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Fear two: You’ll encounter higher health care costs

While those aged 65 and older receive Medicare, the benefit certainly can’t cover everything. In fact, a 2021 study from Fidelity Investments suggests American couples 65 and older will need about $300,000 to cover health care costs during retirement: an 88% increase from 2002.

No wonder so many Americans are afraid — but you can easily manage this fear. First and foremost, make sure you’re actually enrolled in Medicare to avoid penalties and higher premiums in retirement, costs that can add up quickly.

Then, take it a step further and consider supplemental insurance. Those purchased through Medigap or Medicare Advantage can help cover out-of-pocket costs beyond Medicare. Then, research to compare drug costs and medical procedures. The site ClearHealthCosts provides comparative pricing information for select areas of the U.S.

And as any doctor will tell you, preventative measures are much cheaper than procedures. You’ve heard it before but now’s the time to do it: eat right, exercise, and get regular checkups on the upside; seek help with smoking cessation, excessive drinking and drug abuse on the downside. And keep in mind that chronic conditions like heart disease and cancer continue to rack up the largest health care costs in America, according to the CDC.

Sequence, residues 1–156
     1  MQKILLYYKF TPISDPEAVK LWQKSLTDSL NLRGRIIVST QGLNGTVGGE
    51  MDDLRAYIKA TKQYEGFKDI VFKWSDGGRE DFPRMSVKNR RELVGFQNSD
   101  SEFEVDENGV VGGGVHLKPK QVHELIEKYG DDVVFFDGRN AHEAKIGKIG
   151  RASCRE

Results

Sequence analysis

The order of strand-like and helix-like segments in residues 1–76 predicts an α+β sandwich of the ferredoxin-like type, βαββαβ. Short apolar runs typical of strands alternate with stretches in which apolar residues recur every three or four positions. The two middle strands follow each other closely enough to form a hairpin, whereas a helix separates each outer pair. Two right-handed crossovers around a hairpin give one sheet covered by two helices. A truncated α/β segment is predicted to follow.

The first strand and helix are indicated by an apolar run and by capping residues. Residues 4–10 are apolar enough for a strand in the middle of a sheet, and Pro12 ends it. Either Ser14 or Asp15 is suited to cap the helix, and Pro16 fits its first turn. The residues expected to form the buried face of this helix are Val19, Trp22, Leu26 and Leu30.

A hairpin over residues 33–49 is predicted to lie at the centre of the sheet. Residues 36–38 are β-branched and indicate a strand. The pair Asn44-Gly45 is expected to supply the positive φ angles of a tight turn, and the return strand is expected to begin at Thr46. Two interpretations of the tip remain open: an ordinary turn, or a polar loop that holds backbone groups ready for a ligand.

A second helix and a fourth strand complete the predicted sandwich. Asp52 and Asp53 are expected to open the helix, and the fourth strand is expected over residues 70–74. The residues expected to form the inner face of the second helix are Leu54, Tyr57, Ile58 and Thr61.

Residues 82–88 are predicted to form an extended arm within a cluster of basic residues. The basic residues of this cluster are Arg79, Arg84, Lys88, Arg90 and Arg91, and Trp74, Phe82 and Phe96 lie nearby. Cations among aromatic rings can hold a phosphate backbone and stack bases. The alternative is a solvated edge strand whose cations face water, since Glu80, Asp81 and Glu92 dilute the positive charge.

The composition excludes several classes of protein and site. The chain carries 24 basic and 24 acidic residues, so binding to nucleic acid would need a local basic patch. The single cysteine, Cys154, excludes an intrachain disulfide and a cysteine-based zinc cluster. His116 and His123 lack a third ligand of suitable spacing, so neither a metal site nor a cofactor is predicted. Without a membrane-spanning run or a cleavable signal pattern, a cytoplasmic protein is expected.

Fear three: You’ll run up against runaway inflation

Purchasing power disappears over generations when you fail to factor in inflation. The recommended amount to save for retirement continues to rise yearly, according to Fidelity Investments. (Right now, Fidelity recommends that by the time you’re 67 you have 10 times your current income saved.) Among those who decreased essential or discretionary spending since the pandemic, 9 out of 10 retirees cited concerns about inflation, according to a 2022 Employee Benefit Research Institute study.

You can’t solve a problem beyond your control but you can plan. Investments that historically have outpaced inflation include stocks with long-term positive track records (and often dividends), as well as real estate or Treasury Inflation-Protected Securities (TIPS).

No matter your approach, diversify your portfolio and of course, review and adjust your retirement plan at least yearly. Inflationary cycles often last just a year and at most a decade. Even if the American economy stumbles into the longer end of that timeline, smart preparation will help you ride the storm out — and provide a nice tailwind once the cycle ends.

Whether you’re succumbing to one, two or all three of these fears, remember that the best thing to do is mobilize. Get advice, make time-tested financial moves, run the numbers — and most of all, turn those vague feelings of anxiety into tangible challenges you can and will tackle.

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This article provides information only and should not be construed as advice. It is provided without warranty of any kind.